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    ABSTRACT: Dentate granule cell (DGC) mossy fiber sprouting (MFS) in mesial temporal lobe epilepsy (mTLE) is thought to underlie the creation of aberrant circuitry which promotes the generation or spread of spontaneous seizure activity. Understanding the extent to which populations of DGCs participate in this circuitry could help determine how it develops and potentially identify therapeutic targets for regulating aberrant network activity. In this study, we investigated how DGC birthdate influences participation in MFS and other aspects of axonal plasticity using the rat pilocarpine-induced status epilepticus (SE) model of mTLE. We injected a retrovirus (RV) carrying a synaptophysin-yellow fluorescent protein (syp-YFP) fusion construct to birthdate DGCs and brightly label their axon terminals, and compared DGCs born during the neonatal period with those generated in adulthood. We found that both neonatal and adult-born DGC populations participate, to a similar extent, in SE-induced MFS within the dentate gyrus inner molecular layer (IML). SE did not alter hilar MF bouton density compared to sham-treated controls, but adult-born DGC bouton density was greater in the IML than in the hilus after SE. Interestingly, we also observed MF axonal reorganization in area CA2 in epileptic rats, and these changes arose from DGCs generated both neonatally and in adulthood. These data indicate that both neonatal and adult-generated DGCs contribute to axonal reorganization in the rat pilocarpine mTLE model, and indicate a more complex relationship between DGC age and participation in seizure-related plasticity than was previously thought.
    Full-text · Article · Nov 2015 · Neurobiology of Disease
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    • "ostnatal and adult hippocampal neurogenesis support hippocampal dependent learning and memory under physiological conditions (Dupret et al., 2007; Gould et al., 1999; Leuner et al., 2006; Shors et al., 2001; Winocur et al., 2006; Zhang et al., 2008). Furthermore, altered neurogenesis has been implicated in cognitive and mood impairment in temporal lobe epilepsy (Barkas et al., 2012; Kuruba et al., 2009), depression, and certain neurodegenerative diseases (Jessberger et al., 2007; Jin et al., 2004; Kempermann, 2002; Malberg et al., 2000; Parent et al., 1997; Rockenstein et al., 2007), suggesting that hippocampal neurogenesis may be an appropriate therapeutic target for these conditions. All these conditions have an important neuroinflammatory component to their pathogenesis, and the innate and adaptive immune systems are increasingly recognized as important control systems for hippocampal neurogenesis under both physiological and pathological conditions. "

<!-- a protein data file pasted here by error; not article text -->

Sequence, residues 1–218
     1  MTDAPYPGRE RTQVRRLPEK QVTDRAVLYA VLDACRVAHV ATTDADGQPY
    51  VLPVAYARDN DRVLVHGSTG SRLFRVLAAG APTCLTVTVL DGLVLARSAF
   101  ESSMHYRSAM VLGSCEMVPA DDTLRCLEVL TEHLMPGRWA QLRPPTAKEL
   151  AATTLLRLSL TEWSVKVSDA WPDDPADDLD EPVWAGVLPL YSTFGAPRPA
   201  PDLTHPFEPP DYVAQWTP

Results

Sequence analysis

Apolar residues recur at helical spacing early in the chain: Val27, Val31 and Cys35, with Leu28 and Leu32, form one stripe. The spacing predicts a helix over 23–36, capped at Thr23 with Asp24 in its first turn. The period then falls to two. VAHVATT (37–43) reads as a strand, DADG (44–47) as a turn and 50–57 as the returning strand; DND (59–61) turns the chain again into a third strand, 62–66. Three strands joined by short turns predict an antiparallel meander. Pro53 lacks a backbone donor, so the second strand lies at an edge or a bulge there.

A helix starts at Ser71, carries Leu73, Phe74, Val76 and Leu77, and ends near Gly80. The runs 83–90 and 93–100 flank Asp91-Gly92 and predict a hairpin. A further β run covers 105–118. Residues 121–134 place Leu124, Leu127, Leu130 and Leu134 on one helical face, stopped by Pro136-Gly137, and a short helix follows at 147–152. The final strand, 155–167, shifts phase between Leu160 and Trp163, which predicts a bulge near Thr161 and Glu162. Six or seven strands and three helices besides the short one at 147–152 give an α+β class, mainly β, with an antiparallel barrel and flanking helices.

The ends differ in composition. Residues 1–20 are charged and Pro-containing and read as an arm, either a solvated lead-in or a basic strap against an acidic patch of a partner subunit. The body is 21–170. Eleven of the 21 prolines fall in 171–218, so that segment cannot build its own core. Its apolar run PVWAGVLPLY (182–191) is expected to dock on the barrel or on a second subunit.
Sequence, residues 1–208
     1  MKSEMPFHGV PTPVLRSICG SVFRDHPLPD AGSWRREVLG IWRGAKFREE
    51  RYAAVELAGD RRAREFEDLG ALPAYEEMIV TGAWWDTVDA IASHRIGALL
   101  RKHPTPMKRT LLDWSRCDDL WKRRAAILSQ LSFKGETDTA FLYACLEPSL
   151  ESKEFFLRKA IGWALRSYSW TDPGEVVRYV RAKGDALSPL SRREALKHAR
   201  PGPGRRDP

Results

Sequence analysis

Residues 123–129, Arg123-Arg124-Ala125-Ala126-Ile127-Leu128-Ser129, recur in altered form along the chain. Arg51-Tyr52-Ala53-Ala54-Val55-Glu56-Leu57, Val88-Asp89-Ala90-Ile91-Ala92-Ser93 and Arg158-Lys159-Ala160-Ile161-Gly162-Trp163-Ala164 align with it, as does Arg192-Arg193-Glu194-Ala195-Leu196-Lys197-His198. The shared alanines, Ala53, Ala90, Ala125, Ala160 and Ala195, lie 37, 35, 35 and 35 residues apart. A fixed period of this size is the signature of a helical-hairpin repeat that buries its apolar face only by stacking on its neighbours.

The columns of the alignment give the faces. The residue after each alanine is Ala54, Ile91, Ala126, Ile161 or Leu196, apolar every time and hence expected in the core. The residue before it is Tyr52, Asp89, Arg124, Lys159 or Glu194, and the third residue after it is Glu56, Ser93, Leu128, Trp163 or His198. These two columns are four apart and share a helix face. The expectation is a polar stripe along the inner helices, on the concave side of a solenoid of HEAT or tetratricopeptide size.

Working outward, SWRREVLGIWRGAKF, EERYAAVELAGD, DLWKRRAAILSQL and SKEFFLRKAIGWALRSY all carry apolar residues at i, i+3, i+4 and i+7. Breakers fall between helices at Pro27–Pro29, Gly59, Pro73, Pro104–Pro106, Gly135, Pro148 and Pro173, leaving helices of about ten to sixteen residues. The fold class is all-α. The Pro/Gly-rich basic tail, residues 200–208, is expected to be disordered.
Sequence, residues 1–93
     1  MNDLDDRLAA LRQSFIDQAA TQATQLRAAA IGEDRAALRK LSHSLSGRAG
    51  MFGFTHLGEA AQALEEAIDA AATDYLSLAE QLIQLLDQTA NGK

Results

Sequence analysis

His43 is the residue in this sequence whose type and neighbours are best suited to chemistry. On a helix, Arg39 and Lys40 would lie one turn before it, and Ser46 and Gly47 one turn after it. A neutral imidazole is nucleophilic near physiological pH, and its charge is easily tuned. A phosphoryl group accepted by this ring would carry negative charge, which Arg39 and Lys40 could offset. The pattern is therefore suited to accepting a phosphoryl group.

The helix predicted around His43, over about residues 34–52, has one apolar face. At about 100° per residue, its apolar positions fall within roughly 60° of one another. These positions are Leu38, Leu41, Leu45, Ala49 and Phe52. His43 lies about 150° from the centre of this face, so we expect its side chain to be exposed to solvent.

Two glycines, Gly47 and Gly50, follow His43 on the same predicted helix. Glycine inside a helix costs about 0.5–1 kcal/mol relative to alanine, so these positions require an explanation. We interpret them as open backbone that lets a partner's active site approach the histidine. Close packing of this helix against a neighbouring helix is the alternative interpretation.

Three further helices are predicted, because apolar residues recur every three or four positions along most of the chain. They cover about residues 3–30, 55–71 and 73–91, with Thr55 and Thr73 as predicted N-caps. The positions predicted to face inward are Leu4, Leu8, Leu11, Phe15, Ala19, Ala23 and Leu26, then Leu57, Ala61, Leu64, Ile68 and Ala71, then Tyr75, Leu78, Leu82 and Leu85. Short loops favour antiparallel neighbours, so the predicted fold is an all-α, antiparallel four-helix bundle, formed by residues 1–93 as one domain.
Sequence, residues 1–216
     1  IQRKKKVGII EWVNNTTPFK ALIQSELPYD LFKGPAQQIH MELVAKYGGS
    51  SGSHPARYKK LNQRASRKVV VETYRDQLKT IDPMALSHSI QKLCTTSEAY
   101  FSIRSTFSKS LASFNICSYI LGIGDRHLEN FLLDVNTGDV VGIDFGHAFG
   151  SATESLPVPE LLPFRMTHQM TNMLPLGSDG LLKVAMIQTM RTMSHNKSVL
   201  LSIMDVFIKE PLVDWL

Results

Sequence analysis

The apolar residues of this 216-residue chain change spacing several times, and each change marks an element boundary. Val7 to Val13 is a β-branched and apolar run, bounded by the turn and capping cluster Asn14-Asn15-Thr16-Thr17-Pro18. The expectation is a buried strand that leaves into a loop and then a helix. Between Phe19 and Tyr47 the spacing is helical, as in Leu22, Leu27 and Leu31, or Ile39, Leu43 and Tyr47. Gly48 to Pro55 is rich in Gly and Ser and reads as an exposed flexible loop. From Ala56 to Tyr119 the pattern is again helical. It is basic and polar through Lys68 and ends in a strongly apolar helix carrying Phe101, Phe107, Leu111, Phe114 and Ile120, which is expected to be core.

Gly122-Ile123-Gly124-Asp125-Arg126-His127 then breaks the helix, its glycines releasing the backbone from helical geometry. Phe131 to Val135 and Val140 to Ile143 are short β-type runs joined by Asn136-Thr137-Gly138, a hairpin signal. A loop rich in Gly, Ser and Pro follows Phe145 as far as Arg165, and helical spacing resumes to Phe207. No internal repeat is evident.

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    ABSTRACT: Neurogenesis, the production of new neurons from neural stem/progenitor cells (NSPCs), occurs throughout adulthood in the dentate gyrus of the hippocampus, where it supports learning and memory. The innate and adaptive immune systems are increasingly recognized as important modulators of hippocampal neurogenesis under both physiological and pathological conditions. However, the mechanisms by which the immune system regulates hippocampal neurogenesis are incompletely understood. In particular, the role of microglia, the brains resident immune cell is complex, as they have been reported to both positively and negatively regulate neurogenesis. Interestingly, neuronal activity can also regulate the function of the immune system. Here, we show that depleting microglia from hippocampal cultures reduces NSPC survival and proliferation. Furthermore, addition of purified hippocampal microglia, or their conditioned media, is trophic and proliferative to NSPCs. VIP, a neuropeptide released by dentate gyrus interneurons, enhances the proliferative and pro-neurogenic effect of microglia via the VPAC1 receptor. This VIP-induced enhancement is mediated by IL-4 release, which directly targets NSPCs. This demonstrates a potential neuro-immuno-neurogenic pathway, disruption of which may have significant implications in conditions where combined cognitive impairments, interneuron loss, and immune system activation occurs, such as temporal lobe epilepsy and Alzheimer's disease. GLIA 2014
    Full-text · Article · Aug 2014 · Glia